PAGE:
Usually, a story must first of all be told in order to deeply discuss it. Like watching a movie, you analyse it with your company afterwards, not during the screening. To do so during may seem rude or detract from the other person’s experience. When it comes to mental health, not just a story is told, but a wound is left vulnerable. It’s a tough story to tell, and they are trusting you to listen.
To listen empathetically is to hear what the Speaker is saying and trying to put yourself in their shoes by asking why.
A danger exists in subtle ways your body language, tone and voice come together when a person explains their experience. The Listener often tries to match the story to their own experience (“that sounds challenging sure, although I see it differently”). Meant as a respectful gesture of acceptance or empathy, it can feel very belittling to the speaker, sometimes even patronising. An experience is the person’s, it is not yours. All feelings are valid, no matter how comparatively big or small to yours, or regardless of how you would react in their situation.
Shocking or disturbing content may be shared by the Speaker with the absolute fear of judgement or rejection. An anxious moment in which to share their vulnerability with another person, to feel listened to, accepted. At that moment, the Listener is unintentionally placed in a position of power. They have the ability to ridicule, belittle, judge, love or empathise with the speaker. It could be that the Speaker’s story is minimised by such statements. It may feel patronising (“how would you know what it was like?”), belittling (“I tried to tell you my story, do you know how much mental energy it took to open up?”) or like the Listener mistrusts what the Speaker is saying to them (“why did I bother?”). That does not create a safe place for the Speaker to tell their story. Instead of saying “that sounds unideal, but I think that’s an overstatement,” try asking a question, to see why it was that bad for the Speaker. Far too often, statements like those discourage the speaker from reaching out again, leaving them lingering in this vicious cycle.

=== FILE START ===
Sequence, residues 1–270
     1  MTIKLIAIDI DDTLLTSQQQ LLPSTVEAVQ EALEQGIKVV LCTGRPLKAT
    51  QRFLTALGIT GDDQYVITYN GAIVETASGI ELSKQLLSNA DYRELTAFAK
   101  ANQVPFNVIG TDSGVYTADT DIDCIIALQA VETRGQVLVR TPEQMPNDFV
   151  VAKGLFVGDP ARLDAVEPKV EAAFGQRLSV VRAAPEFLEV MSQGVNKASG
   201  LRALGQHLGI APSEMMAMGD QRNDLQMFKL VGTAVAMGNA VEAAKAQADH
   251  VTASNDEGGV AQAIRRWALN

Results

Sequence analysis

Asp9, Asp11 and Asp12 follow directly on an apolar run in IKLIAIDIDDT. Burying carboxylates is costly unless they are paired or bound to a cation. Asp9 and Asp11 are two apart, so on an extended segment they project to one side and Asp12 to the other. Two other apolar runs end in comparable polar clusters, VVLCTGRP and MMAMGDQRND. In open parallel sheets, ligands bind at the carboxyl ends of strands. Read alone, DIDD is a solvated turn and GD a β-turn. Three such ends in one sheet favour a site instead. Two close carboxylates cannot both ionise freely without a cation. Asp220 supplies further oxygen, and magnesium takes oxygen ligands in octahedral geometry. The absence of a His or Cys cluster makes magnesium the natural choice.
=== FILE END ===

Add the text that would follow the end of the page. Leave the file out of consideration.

Because actually, to speak these stories is strength – albeit often disguised. It is an acknowledgement of a tough situation and a small window to think clearly. The anxious opening up to fear of rejection. The reliving of a past moment and thinking critically about why it affected them. The realisation that maybe it wasn’t just them that had a problem, perhaps someone who bullied them contributed to their illness. As a Listener, you hear a few words. You don’t hear the accelerated heartbeat, feel the sweat, battle with the thoughts and nightmares that this person may have suffered for years. It takes STRENGTH to be able to state these emotions to another person. Just as it takes STRENGTH to empathetically listen to another person.
There is room for discussion of the points raised, of course – but that space should come after. Maybe the Listener is right, maybe the Speaker is exaggerating. Maybe, the Speaker is speaking their own truth. The place for discussion of logic comes after the questions that try to understand the Speaker’s experience – not your experience, theirs.
My key request to you is, please, try and listen. Try to create a space that the person can share their experience as they see it in their eyes, and understand why they feel that way. Be cautious of the words you use, your tone. Explore why they feel that way, without judgement. Perhaps listening to their story won’t do that much good in the end (an unfortunate stubbornness of mental health).However, the potential for damage in the other direction in much higher. The next time someone shares something personal with us, let’s make it a goal to try and listen empathetically.